The art of self-inquiry

Saturday 5 February, 15:00 - 17:00

One of the deepest questions each of us can ask ourselves is: Who Am I?We seem to know ourselves really well, but, do we really know who we are?Self-Inquiry is an ancient technique that investigates this very question. Just as a mirror allows one to see one's face, Self-Inquiry allows one to see one's 'inner' face.Rupert Spira is an internationally recognized teacher of nonduality and the Direct Path. You can find Rupert's work on Youtube where he has many videos on Self-Inquiry, nature of consciousness and the nature of reality.Rupert has also written many books including Being Aware of Being Aware, Being Myself, and the Transparency of Things.This event is organized by On the Verge, a podcast(on Spotify and iTunes) run by Oxford students/alumni: Ali-Reza Omidvar, Kenneth Shinozuka & David Leon. Their mission is to explore the edges of consciousness and spirituality. They also organize events and talks for students/alumni at the University of Oxford.

Ayahuasca Shamanism

Friday 11 February, 19:30 - 21:00

This event, which will also be OPS' first in-person talk since the start of the pandemic, will be a moderated dialogue between a shamanic practitioner, Ricardo Assis Rosa PhD, and a psychiatrist and researcher, Dr. Simon Ruffell. Ricardo is a practising Shaman with initiations in the Amazonian Shipibo traditions and Andean Q'ero healing methods and is a practitioner of Tibetan Buddhism. A doctor at King's College London, Simon has conducted extensive research into the use of ayahuasca in adapted traditional settings in the Peruvian Amazon. The event will focus on the ceremonial use of ayahuasca to enrich contemporary, Western psychiatric practices with the profound healing that it cultivates. We will also discuss the role of ayahuasca's ritualistic and psychedelic qualities in mediating its therapeutic potential, whether it is possible to accommodate notions of ayahuasca "spirits" and "energies" within the framework of Western science, and more. The event will consist of 60 minutes of moderated dialogue, followed by 30 minutes of Q&A with the audience. This event is free and open to the public.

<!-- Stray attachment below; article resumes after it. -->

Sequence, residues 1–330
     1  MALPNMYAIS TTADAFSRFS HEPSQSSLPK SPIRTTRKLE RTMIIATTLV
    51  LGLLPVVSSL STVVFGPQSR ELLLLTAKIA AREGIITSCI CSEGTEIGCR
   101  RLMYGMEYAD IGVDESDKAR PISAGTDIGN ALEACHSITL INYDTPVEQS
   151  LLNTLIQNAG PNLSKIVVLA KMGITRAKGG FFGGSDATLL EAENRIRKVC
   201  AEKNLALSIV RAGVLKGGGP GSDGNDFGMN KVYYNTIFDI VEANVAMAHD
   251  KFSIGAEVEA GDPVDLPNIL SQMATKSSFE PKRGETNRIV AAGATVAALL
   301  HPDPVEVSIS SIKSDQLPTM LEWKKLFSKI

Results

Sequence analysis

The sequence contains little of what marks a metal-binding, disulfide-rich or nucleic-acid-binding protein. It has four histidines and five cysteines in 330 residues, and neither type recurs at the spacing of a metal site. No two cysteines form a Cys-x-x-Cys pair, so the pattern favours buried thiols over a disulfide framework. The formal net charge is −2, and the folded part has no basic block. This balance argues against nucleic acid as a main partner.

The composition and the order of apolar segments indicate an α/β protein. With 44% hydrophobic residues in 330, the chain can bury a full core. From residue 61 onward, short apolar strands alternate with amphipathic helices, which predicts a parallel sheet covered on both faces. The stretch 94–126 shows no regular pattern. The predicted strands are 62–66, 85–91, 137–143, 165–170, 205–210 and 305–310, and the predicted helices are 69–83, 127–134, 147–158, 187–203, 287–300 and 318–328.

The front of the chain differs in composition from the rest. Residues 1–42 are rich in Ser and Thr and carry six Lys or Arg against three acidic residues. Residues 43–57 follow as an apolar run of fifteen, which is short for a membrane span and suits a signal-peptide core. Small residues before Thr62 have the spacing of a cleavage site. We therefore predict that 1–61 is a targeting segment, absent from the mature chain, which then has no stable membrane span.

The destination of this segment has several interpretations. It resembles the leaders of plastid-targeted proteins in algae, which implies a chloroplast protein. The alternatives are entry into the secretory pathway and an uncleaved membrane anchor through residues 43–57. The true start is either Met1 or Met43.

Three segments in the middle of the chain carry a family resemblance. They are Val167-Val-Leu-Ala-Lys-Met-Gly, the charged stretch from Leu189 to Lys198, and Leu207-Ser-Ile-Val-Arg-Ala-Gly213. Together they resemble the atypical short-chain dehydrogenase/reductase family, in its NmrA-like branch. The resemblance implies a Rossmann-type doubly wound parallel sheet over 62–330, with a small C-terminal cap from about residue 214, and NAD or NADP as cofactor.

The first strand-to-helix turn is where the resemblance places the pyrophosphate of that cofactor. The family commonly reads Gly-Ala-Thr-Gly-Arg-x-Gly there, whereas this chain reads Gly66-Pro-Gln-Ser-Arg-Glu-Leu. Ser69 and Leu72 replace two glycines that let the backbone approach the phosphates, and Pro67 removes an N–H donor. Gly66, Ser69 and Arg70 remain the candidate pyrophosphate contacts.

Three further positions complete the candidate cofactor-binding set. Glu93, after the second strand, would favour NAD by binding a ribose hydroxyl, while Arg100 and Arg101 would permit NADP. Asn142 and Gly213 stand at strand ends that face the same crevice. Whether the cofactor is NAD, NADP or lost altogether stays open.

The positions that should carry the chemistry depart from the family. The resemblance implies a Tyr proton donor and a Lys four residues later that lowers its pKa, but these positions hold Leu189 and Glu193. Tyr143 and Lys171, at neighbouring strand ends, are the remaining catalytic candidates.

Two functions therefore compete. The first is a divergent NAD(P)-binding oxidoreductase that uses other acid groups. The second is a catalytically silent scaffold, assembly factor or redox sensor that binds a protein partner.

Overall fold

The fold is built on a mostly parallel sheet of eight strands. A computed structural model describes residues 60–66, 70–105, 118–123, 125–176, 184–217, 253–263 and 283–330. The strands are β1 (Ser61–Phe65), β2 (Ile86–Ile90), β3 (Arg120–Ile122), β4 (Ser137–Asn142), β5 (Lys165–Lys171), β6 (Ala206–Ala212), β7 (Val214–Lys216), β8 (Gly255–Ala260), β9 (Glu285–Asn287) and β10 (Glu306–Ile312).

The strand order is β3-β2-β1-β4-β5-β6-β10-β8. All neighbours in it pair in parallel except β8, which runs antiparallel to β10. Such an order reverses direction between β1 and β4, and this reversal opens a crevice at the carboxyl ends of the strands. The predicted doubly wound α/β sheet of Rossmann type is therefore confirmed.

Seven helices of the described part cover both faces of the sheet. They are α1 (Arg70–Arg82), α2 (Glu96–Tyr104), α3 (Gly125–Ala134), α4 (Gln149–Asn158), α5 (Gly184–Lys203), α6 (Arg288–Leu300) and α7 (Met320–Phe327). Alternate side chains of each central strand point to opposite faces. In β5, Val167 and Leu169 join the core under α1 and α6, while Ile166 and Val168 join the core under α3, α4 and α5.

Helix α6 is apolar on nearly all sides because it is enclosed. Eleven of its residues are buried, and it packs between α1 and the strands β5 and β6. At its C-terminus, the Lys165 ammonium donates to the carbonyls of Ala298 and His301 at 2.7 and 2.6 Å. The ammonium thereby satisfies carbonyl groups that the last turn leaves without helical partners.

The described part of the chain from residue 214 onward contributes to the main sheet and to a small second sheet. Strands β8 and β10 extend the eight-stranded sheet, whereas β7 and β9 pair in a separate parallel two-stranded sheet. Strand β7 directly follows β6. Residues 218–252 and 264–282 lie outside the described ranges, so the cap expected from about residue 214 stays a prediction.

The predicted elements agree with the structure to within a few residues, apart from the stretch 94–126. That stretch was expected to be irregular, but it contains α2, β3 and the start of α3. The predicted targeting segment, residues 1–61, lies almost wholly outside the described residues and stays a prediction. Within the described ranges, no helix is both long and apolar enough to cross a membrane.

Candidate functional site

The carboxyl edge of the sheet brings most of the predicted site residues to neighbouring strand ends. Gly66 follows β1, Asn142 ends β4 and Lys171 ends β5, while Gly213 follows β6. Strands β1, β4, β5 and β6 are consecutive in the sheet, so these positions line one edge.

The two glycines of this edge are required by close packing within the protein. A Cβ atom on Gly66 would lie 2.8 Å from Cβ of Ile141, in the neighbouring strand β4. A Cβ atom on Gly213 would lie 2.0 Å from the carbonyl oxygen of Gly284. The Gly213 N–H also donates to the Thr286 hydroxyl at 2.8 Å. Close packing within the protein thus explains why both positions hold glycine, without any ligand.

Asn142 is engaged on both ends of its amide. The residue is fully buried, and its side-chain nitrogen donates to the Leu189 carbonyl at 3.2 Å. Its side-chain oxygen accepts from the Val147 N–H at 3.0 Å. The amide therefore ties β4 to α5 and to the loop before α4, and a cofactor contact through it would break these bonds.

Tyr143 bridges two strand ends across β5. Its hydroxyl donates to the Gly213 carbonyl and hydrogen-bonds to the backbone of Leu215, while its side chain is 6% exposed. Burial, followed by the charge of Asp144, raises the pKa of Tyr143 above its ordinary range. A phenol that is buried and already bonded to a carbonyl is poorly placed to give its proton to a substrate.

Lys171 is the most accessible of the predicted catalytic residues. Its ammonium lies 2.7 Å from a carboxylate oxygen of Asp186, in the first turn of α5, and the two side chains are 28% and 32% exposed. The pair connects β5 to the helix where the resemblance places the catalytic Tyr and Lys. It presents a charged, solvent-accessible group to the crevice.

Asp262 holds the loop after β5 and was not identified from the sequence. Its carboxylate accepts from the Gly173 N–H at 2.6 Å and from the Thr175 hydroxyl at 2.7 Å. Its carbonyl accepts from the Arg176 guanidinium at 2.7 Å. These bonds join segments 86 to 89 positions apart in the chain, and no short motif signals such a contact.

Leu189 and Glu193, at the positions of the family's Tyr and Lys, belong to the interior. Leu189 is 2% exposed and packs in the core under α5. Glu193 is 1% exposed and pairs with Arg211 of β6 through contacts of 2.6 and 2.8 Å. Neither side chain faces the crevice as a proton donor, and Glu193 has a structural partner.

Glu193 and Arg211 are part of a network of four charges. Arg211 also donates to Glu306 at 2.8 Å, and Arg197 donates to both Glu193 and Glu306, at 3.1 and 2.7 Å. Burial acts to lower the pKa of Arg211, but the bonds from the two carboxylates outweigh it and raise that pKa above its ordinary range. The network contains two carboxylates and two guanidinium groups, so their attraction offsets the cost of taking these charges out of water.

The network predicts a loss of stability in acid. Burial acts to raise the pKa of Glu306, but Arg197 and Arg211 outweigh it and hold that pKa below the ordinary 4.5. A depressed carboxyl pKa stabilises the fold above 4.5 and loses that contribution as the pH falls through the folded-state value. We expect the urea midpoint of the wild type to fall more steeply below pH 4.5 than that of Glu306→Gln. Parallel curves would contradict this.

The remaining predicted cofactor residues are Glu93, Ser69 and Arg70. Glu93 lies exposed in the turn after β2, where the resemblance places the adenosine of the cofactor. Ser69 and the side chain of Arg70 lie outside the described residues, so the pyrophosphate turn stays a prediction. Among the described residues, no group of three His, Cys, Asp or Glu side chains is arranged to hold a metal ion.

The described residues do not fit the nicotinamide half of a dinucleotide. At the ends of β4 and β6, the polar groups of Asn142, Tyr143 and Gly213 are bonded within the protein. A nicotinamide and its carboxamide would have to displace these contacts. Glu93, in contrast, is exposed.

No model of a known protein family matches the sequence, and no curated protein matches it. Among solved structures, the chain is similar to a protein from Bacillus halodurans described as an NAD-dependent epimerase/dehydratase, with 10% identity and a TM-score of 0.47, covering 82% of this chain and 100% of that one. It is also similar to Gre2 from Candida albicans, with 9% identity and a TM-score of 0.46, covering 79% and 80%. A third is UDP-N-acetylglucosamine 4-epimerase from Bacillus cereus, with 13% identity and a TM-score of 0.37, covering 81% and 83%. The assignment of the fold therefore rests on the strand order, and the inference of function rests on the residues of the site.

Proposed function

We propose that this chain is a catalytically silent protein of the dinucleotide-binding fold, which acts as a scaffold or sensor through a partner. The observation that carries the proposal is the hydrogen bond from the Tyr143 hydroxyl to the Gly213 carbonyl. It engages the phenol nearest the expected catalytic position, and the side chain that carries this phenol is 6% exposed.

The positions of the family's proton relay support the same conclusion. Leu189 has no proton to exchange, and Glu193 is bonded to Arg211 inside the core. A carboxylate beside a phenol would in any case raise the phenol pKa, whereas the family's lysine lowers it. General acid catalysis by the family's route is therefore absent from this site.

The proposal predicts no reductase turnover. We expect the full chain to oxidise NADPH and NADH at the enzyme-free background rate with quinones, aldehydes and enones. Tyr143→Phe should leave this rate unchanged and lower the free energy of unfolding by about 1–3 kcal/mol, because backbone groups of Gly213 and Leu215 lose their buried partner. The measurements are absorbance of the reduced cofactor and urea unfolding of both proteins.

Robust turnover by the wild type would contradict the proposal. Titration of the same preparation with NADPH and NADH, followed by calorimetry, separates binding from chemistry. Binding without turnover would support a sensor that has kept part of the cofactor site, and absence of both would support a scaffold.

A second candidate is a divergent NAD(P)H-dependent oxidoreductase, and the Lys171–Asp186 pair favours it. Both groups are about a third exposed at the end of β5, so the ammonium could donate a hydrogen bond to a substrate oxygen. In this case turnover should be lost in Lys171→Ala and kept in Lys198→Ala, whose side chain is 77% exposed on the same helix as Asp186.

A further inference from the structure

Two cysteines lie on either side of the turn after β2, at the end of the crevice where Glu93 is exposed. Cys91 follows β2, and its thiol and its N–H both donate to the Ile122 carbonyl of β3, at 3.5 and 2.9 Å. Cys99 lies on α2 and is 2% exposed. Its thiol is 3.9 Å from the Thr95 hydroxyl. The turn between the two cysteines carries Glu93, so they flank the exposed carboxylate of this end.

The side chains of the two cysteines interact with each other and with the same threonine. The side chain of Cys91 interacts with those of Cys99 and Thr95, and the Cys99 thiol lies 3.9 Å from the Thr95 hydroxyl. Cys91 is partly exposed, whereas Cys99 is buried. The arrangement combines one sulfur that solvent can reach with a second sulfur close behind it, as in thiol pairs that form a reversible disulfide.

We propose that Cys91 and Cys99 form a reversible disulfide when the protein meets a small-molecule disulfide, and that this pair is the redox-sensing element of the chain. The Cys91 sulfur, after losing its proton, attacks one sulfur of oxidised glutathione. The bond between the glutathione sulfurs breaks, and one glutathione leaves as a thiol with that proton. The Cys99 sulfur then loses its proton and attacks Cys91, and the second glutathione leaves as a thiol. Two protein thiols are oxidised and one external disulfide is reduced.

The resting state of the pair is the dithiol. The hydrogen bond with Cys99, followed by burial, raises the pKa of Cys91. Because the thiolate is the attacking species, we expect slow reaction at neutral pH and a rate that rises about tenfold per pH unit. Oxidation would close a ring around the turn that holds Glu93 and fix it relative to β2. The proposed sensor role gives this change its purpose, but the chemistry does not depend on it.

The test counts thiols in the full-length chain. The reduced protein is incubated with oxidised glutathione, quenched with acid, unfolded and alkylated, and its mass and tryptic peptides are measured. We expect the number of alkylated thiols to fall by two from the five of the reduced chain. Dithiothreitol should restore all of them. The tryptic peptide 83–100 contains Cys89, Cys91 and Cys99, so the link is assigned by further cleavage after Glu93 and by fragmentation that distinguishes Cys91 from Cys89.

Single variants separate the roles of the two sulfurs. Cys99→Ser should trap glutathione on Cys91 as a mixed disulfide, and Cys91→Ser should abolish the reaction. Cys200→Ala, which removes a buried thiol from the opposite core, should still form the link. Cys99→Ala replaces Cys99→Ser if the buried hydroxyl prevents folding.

This event is free

What Can We Learn about Consciousness from Psychedelic Experiences?

Tuesday 15 February, 19:30-21:00

Online